The orthobiologics field, which merges biological therapies with traditional orthopaedic healing and surgical techniques, is exploding. Why? Because in many circumstances, tissues can be induced to heal — or even re-grow — if the right environment is provided. Here’s the latest ..
We have now entered the Anabolic Era of orthopaedics. In the past, surgeons would resect (cut out) torn tissues and tell patients to come back when they needed a joint replacement. Today, the preferred strategy for treating (or avoiding) arthritis is to repair, regenerate, and replace injured tissues as soon as possible.
Tissue engineering has been around for a long time. I was fortunate to invent the first commercially successful tissue regeneration device — called the collagen meniscus implant (CMI) — in the 1980s. This collagen scaffold was designed to induce meniscus tissue to re-grow into a trellis-like material. It has now been used thousands of times worldwide.
Many tissues, however, require more than just a scaffold to re-grow into; they benefit from a stimulus. Nature’s stimuli are called “growth factors” — like the testosterone hormone that children acquire in puberty to spur their growth. There are more than 1,000 different types of growth factors in human blood, and each plays a role in tissue healing. Along the walls of blood vessels live specialized cells called “stem cells.” These cells are primarily growth-factor engines. They migrate to the site of an injury in the body and release their growth factors, often instructing other cells to perform specific healing activities — such as laying down new collagen fibers or forming new cartilage matrices. As you age, the number and potency of these stem cells declines.
Fortunately, there are now numerous outside sources of growth factors and stem cells. Each has pros and cons in its use for stimulating tissue healing. An entire industry is growing around products to harvest and concentrate these factors for physicians’ use. There are avid proponents of each type, which come from a variety of sources. These include bone marrow (BMAC or bone marrow aspirate concentrate), fat (lipoaspirates), blood (PRP, or platelet-rich plasma) and the amnionic membrane and fluid from C-section births.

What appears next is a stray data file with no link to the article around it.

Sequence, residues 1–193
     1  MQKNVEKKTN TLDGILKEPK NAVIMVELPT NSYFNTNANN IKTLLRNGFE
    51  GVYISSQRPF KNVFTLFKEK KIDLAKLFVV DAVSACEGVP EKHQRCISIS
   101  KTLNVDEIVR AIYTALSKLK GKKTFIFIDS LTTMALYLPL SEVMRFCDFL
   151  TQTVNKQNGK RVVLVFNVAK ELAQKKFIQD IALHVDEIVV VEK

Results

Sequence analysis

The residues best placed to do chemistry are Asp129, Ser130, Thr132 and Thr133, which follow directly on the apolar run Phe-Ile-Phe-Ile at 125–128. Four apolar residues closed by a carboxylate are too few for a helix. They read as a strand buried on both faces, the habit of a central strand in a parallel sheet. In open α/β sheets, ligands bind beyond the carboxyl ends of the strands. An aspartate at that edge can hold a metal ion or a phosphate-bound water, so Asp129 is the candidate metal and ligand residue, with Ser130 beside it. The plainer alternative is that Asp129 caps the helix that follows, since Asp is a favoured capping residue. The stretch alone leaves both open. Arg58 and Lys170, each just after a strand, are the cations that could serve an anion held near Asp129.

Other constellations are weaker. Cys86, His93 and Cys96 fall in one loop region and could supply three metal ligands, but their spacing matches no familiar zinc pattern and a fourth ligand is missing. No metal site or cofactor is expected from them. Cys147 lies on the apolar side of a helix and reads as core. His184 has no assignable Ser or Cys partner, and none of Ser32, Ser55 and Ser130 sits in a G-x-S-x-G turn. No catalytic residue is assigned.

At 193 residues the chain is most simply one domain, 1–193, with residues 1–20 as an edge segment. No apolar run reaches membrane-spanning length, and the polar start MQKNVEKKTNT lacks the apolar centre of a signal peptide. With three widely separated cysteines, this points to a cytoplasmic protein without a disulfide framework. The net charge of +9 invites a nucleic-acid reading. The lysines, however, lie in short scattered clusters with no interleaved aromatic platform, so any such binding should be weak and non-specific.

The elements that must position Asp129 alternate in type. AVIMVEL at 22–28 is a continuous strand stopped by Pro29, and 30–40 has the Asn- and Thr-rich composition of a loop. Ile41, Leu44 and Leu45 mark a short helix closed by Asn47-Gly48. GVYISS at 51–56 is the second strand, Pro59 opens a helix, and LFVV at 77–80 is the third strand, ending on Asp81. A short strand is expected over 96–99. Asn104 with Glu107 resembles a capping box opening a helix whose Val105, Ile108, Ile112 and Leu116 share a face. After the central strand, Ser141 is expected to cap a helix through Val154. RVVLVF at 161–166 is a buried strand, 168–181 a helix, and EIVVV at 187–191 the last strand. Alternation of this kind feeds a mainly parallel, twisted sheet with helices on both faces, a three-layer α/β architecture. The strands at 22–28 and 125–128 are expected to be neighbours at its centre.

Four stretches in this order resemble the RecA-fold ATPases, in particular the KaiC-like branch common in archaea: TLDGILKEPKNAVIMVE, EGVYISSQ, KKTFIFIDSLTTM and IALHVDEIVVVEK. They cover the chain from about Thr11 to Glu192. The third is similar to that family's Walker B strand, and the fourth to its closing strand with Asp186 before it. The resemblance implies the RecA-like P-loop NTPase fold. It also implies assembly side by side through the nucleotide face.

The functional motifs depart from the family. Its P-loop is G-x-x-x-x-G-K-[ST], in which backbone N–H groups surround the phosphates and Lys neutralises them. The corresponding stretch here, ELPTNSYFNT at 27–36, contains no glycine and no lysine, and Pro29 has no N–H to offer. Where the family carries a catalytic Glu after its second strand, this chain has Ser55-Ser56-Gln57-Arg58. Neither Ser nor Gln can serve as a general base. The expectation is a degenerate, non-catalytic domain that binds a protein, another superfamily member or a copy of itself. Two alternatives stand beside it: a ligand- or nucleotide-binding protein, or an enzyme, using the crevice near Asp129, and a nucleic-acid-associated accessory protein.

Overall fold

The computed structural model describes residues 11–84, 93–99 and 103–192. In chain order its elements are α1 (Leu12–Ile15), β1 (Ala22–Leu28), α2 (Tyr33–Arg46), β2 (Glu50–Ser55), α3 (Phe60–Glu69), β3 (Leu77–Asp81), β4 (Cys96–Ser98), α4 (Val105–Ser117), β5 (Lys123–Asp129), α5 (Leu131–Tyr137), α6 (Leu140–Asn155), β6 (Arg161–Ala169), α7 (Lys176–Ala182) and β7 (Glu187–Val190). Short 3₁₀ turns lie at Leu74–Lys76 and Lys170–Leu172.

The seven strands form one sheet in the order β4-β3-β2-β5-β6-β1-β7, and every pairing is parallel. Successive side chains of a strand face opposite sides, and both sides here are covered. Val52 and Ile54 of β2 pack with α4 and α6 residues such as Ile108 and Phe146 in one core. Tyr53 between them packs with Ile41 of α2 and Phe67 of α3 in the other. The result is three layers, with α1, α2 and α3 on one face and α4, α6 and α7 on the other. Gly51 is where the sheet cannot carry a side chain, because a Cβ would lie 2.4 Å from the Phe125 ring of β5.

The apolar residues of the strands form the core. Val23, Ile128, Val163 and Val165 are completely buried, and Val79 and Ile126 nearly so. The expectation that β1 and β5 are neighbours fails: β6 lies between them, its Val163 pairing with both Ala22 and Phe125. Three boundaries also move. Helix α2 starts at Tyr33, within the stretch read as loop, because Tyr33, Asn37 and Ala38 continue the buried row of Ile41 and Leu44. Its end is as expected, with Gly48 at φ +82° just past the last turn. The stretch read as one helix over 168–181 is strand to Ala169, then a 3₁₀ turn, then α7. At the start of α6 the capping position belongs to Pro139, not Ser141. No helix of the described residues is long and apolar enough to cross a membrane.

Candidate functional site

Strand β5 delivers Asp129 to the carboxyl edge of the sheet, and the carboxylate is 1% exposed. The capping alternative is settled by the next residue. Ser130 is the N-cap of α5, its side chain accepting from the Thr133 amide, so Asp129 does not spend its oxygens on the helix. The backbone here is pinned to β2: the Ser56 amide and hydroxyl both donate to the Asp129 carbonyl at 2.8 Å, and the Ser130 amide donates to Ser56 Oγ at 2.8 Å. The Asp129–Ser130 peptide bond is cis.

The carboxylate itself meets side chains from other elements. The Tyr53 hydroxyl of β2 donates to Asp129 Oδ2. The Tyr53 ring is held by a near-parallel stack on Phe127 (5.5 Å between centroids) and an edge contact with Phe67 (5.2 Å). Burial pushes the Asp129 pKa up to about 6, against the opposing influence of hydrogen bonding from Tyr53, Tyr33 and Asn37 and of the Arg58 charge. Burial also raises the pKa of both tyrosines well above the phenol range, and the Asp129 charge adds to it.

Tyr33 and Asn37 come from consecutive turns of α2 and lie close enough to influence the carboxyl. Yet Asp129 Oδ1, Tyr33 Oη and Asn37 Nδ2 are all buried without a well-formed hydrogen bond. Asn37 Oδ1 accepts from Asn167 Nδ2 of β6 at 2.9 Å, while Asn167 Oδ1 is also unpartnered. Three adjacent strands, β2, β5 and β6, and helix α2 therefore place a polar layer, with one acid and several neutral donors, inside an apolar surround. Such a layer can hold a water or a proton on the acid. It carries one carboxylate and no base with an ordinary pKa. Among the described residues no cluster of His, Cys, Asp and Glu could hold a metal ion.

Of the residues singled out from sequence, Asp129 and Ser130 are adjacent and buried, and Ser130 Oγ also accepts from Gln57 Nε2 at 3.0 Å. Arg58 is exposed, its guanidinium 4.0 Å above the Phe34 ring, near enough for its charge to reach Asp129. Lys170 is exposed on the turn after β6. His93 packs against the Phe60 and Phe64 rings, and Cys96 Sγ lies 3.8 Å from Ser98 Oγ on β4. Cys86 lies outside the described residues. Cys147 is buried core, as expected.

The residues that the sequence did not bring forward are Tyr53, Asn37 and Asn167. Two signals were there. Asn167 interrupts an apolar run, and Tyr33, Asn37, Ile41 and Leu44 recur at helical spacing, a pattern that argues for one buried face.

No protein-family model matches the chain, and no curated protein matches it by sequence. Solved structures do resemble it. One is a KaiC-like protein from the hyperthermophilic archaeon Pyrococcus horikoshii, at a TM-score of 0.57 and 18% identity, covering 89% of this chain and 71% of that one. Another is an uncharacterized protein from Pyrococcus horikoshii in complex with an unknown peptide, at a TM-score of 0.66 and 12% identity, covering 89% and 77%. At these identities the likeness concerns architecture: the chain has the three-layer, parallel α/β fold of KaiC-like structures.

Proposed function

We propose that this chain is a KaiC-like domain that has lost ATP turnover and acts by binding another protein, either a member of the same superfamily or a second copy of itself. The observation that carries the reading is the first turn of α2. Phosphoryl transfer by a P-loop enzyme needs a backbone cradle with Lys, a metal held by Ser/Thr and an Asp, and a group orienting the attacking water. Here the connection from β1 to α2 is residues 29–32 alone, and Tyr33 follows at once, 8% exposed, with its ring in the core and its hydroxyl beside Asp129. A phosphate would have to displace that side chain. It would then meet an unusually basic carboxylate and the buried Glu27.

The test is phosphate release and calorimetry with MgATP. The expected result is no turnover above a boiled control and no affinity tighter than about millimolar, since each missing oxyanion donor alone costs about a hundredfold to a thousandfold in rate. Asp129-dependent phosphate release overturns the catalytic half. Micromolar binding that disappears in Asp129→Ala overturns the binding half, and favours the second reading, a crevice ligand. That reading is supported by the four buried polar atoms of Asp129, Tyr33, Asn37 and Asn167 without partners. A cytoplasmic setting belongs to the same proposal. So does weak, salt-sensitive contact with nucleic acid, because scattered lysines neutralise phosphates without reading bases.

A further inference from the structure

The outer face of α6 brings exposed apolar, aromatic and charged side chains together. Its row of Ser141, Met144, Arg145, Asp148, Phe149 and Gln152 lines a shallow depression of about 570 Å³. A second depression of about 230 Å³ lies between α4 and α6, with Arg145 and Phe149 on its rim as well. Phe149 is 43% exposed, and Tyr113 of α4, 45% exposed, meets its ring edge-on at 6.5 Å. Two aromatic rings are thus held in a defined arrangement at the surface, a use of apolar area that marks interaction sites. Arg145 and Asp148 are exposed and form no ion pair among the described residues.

My personal bias is to use amnionic sources. Why? Because there are at least 45 times more stem cells in newborns than in adults. My older patients have very few stem cells in their bone marrow, and the amount of growth factors from their own blood varies widely. I get 2 to 50 times the concentration of growth factors from amniotic sources that I would from adult blood. Fat, while very vascular, requires a separate surgical procedure that most people would prefer to avoid.
I collaborate with an independent testing lab to test and confirm that each batch of the amniotic fluid I use has both live stem cells and active growth factors.
Each of these techniques of anabolic stimulation has reported successful outcomes across a wide variety of musculoskeletal disorders including tennis elbow, partial tears of rotator cuffs, partial ACL tears, tendonitis, degenerative disc disease, disc herniations, bone bruises and Achilles injuries. The clinical data is accumulating more rapidly than for any previous new therapy I have seen in the field of orthopaedics.
After surgery, I use stem cells and growth factors, with their potent anabolic properties, to accelerate healing and to drive the healing of tissue toward normal regeneration rather than the formation of scar tissue. But what stem cells don’t do is turn into new cartilage. This means that they don’t actually cure arthritis, though they do mitigate the symptoms— in some patients dramatically, and for periods up to a year. In arthritic joints, stem cells release potent anti-inflammatory agents which reduce pain and may stimulate the production of more lubricating factors. These benefits seem preferable to the use of cortisone, which shuts down healing and injures tissues.
Since all my patients want to heal faster and diminish their downtime, return to sports and daily activities immediately, and jump higher and fly faster, the pressure to find novel ways to harness nature and use her hidden resources to accelerate healing is huge.
We aren’t sure if we can accelerate it, but it sure is worth a try.
Dr. Kevin R. Stone is an orthopedic surgeon at The Stone Clinic and chairman of the Stone Research Foundation in San Francisco.